Just look at the the leaves!
After our morning and afternoon at Stone Mountain, we decided to check out Atlanta.  We all wanted to eat good southern food so we ate at Fox Bros. Bar-B-Q.  It was soooooo good!  We had to wait a little while to get in but it was totally worth it.

The next day was Sunday.  We attended two singles wards to see what the singles scene is like out in the Atlanta area.  President Ernst (who used to be in my homeward in California before his family moved to Georgia and he became a Stake President) happened to be visiting the Northpoint YSA Ward that day.  He invited us over for dinner at their home on Monday.  It was great to see the Ernst family again.
We also ate at Zaxby's.  Southerners just do chicken better, that's all I can say.
I also wanted to check out another Civil War site so we went to the museum dedicated to the Battle of Kennesaw Mountain (which took place during Sherman's infamous and very destructive "march to the sea").  The museum had several cool artifacts and the battleground was absolutely beautiful.
Me standing next to a canon just outside the museum.
We drove most of the way up Kennesaw Mountain but then hiked a little bit to see where the Confederates set up their canon.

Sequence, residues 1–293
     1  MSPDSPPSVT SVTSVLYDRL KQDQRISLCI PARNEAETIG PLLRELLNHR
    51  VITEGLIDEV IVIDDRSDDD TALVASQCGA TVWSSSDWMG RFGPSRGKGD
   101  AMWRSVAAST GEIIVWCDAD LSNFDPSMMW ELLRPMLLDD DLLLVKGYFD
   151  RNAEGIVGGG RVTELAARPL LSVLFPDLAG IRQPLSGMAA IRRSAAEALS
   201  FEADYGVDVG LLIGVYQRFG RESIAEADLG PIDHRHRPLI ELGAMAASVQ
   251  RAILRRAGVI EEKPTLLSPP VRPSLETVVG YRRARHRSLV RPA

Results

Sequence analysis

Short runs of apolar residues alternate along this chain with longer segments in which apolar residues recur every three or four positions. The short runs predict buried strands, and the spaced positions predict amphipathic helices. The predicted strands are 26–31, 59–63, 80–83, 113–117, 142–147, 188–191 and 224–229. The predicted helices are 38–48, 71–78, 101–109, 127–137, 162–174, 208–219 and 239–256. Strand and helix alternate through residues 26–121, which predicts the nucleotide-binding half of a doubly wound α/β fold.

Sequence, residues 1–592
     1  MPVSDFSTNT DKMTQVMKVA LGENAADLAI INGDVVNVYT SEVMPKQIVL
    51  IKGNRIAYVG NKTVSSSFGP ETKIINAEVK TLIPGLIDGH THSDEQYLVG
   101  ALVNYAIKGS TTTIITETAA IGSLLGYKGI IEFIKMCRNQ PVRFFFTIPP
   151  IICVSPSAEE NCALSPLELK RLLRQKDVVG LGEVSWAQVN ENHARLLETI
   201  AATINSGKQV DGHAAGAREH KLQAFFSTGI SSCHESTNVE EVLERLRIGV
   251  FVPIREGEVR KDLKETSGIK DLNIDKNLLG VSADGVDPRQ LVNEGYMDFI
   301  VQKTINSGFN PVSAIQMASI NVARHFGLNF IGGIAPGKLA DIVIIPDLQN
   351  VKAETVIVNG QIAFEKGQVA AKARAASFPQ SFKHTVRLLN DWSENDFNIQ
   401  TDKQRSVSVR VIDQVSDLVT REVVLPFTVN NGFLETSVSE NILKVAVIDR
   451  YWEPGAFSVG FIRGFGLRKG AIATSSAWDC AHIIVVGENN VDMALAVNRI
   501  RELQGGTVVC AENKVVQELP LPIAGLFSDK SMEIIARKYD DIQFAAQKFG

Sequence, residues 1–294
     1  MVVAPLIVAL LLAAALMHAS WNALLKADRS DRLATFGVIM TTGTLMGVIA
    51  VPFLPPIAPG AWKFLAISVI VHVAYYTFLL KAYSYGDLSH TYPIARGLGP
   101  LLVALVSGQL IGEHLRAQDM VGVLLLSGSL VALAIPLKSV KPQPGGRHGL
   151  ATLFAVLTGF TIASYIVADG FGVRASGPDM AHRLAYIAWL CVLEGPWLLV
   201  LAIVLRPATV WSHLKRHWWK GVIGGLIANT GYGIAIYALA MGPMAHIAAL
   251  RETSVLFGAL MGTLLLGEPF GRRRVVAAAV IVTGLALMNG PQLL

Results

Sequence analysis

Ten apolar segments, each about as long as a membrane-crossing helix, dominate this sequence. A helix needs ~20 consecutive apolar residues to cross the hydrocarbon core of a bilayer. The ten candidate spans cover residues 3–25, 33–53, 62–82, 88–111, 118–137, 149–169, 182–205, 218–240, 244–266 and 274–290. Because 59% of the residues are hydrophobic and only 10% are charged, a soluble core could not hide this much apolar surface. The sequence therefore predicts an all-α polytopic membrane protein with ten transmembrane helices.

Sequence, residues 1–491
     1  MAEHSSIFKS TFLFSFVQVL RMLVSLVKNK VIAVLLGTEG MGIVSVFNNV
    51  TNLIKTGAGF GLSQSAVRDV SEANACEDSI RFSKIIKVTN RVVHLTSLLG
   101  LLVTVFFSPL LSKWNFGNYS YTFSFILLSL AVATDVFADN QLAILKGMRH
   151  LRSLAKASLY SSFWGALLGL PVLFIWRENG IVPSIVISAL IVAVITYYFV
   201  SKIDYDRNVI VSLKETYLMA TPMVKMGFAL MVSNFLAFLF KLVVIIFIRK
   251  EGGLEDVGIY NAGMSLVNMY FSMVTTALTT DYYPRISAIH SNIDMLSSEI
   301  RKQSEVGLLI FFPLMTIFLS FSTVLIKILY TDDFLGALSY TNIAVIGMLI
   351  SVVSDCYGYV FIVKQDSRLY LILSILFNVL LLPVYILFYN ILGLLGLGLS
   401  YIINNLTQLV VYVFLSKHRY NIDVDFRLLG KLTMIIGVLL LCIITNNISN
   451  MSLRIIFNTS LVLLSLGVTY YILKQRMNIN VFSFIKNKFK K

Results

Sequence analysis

On our last day in Georgia, we decided to go to downtown Senoia (pronounced "Senoy" by locals).  The show, The Walking Dead, is filmed in the Atlanta area and they were actually filming in Senoia while we were there.  I had never seen the show before so we watched the first episode one night.  While I was intrigued by the story line, the gore was a little too much for me and, I have to admit, I had some weird, slightly scary dreams the night after.  But it was good to have some knowledge of the show before going to downtown Senoia.  There is a Walking Dead store there in town and it was fun to poke through some of the memorabilia with the limited knowledge I had gained from watching the first episode.  
Underneath the store, they have recreated some of the scenes so fans can take pictures.
The recreated prison cell.
The front of The Walking Dead Store.
All those white trailers were for the show.
Part of the set they were filming in.
There is a cute little cafe in downtown Senoia where we got really good smoothies.  I thought I'd try some watermelon juice.  It was actually pretty good.
Me on the train tracks in Senoia.
After spending six wonderful days in the land of peaches and Southern belles, we packed our bags and headed back to California.  I loved the Southern charm, the trees, the history, and the country feel of Georgia.  It's a beautiful place and all of you should go there!


Cait said...

Stone Mountain is even larger than Half Dome? You know Half Dome, right? It's a pretty incredible part of California...everybody's heard of it... :P

I'm glad you're having such great adventures! Your trip looks so fun!

Celia's Gibberish said...

Nope, Half Dome will always be more famous and well-known ;).